5 Tips for Tech Savvy Architects

When it comes to architecture, there is technology and there is technology. On the grander scale, technology has essentially revolutionized building design. From Building Information Modeling (BIM), to virtual reality, Computer Aided Design (CAD) is no longer a futuristic fantasy. It is an integral part of the architectural process and firms are being forced to update and upgrade in order to thrive.

On the smaller scale, there is the humdrum technology that architects and regular people—like clients—use to communicate. Tech savvy architects know this type of generic computer literacy is as critical to the design process as the “cool” design software. Yes, it seriously lacks the “wow” factor, but it is the universal language by which daily business is conducted.

Here are 5 tech savvy tips to ensure you know your TIFs from your JPGs.

File Sizes

When it comes to sharing your work with client’s or contractors online, size definitely matters. Unlike print photos that require a higher resolution, a photo designed for web viewing can be low res, and therefore sent in a much smaller file. The upside here is less time to download and the ability to see the entire photo at a glance. Larger files take up unnecessary storage space, and once opened, can possibly be larger than the screen which makes viewing difficult. The rule to follow here would be: Less is more.

Replace Downloading with File Sharing in the Cloud

Make sure your tech savvy repertoire includes the latest file sharing services like Dropbox, Google Drive, and OneDrive. These options eliminate the need for clients to waste valuable time and hard-drive space downloading. Downloading is out. File sharing is in.

Old School is Old School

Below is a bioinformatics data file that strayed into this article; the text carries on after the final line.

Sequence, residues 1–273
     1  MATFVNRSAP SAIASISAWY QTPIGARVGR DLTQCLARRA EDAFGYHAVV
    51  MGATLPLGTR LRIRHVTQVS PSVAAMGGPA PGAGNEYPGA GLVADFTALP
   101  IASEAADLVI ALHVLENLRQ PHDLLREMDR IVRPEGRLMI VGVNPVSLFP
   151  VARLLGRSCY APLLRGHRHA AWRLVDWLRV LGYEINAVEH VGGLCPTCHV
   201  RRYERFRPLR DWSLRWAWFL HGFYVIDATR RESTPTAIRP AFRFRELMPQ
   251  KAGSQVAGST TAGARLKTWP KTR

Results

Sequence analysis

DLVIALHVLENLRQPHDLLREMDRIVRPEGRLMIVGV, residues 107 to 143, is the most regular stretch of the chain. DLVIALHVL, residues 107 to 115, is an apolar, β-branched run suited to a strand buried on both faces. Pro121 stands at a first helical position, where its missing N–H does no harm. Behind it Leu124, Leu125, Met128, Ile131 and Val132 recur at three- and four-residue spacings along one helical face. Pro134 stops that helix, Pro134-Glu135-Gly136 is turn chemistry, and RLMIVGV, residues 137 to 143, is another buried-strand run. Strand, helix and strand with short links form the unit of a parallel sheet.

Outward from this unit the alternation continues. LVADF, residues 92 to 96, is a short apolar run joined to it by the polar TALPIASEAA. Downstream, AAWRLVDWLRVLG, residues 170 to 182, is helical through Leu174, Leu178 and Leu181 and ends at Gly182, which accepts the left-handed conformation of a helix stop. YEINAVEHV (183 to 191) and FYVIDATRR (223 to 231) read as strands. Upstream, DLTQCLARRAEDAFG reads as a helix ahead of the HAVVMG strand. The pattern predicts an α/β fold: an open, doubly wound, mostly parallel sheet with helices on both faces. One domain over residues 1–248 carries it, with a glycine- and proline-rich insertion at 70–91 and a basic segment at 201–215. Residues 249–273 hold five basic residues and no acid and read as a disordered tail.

Your presentation boards were not designed to be viewed online. To email them would be a mistake. The text and images will be difficult if not impossible to read clearly and a larger file necessary to view details will be a hassle for recipients. And speaking of texts, it’s okay to add short labels but when sending images, steer clear of long passages of text. Information sharing is more efficient if accompanying text is copied and pasted separately.

Hyperlinks are Helpful

One of the handiest devices on the toolbar is the hyperlink. It’s simple to create a link to another website, article or project when you want to provide more information. You can keep your message to a minimum and with one click, your recipient can easily and conveniently expand their knowledge when and if they so choose.

Know Your File Types

Images can be sent as any number of different file types. JPGs are a good go-to option that work for both print and online. PNGs are great for the web, but not appropriate for print. Avoid TIFs for online communication as they are larger files more suitable to printing and can take forever to load. PDFs are a good choice but be sure to check their color rating. RGB color is for best for the web and CMYK color is designated for print.

Being ignorant of basic computer principles could result in serious miscommunication and client frustration. The bottom line: In today’s competitive climate, tech savvy means being current in the latest laymen’s computer lingo. Otherwise, you’ll be speaking but nobody will be listening.

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